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Phytopathology. 1999 Oct;89(10):967-73. doi: 10.1094/PHYTO.1999.89.10.967.

Two Sibling Species of the Botrytis cinerea Complex, transposa and vacuma, Are Found in Sympatry on Numerous Host Plants.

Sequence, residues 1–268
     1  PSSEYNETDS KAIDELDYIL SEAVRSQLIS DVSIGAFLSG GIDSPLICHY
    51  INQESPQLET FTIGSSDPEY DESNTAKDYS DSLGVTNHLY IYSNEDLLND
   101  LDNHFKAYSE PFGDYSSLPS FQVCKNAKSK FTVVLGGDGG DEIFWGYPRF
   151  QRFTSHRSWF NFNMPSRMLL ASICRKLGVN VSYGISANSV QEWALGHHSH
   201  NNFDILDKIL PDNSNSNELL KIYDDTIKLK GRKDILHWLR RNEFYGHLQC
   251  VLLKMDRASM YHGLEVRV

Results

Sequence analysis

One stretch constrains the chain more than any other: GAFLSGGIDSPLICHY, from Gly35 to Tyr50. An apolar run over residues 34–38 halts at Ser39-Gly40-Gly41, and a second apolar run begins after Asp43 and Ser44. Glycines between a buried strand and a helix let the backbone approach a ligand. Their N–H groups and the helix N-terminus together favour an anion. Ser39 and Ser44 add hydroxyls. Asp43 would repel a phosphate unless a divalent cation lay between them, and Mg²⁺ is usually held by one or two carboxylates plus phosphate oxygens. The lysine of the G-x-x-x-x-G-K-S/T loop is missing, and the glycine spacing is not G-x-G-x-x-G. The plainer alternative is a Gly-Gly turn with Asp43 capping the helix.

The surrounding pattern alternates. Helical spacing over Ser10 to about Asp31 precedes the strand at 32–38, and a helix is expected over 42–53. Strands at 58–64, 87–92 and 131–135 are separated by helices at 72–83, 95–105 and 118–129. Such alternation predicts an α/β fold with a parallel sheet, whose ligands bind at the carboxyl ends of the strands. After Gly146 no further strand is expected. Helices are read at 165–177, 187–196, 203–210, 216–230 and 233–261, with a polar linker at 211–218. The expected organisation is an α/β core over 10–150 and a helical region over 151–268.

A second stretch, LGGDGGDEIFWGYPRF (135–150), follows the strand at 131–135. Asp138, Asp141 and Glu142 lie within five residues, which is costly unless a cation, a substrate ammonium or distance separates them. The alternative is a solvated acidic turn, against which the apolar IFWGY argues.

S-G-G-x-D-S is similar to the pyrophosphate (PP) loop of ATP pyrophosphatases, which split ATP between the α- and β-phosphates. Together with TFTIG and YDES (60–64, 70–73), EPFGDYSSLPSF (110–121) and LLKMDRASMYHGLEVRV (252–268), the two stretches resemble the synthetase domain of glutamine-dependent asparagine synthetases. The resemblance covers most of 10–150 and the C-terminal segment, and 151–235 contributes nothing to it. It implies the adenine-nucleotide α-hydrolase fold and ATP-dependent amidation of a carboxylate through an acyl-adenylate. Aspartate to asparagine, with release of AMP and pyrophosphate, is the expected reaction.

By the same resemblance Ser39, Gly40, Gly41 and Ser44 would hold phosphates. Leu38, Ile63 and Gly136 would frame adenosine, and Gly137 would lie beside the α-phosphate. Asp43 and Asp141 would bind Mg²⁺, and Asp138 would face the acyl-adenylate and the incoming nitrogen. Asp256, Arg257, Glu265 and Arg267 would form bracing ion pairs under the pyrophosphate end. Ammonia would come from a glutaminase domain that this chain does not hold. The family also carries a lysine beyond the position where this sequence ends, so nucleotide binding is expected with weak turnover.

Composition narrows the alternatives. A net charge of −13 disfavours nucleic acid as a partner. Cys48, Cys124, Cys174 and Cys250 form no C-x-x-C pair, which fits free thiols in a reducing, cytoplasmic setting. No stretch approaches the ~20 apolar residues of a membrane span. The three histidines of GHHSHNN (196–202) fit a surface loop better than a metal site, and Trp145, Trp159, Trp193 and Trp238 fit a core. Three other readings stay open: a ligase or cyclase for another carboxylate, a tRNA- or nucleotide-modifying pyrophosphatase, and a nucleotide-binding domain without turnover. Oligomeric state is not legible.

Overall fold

ABSTRACT Strains of Botrytis cinerea (the anamorph of Botryotinia fuckeliana) were collected from 21 different plant species around vineyards in the Champagne region (France). Strains were analyzed using three new polymerase chain reaction (PCR)-restriction fragment length polymorphism (RFLP) markers that were found by SWAPP (sequencing with arbitrary primer pairs), in addition to 15 other markers (PCR-RFLP, transposable elements, and resistance to fungicides). The markers revealed a high degree of genetic diversity and were used to investigate population structure. The two sympatric species transposa and vacuma, previously identified on grapes in these vineyards, were also detected on many of the plant species sampled. A new type of strain was also detected, having only the transposable element Boty. We did not detect any differentiation between strains from different organs or locations, but the prevalences of transposa and vacuma were significantly different on the different host plants. Fungicide resistance frequencies were significantly different in transposa and vacuma species. This study confirms that B. cinerea is a complex of sibling species and shows that the sibling species occur sympatrically on many host plants. However, the two species seemed to have different pathogenic behaviors. These findings contradict the traditional view of B. cinerea as a clonal population without specialization.

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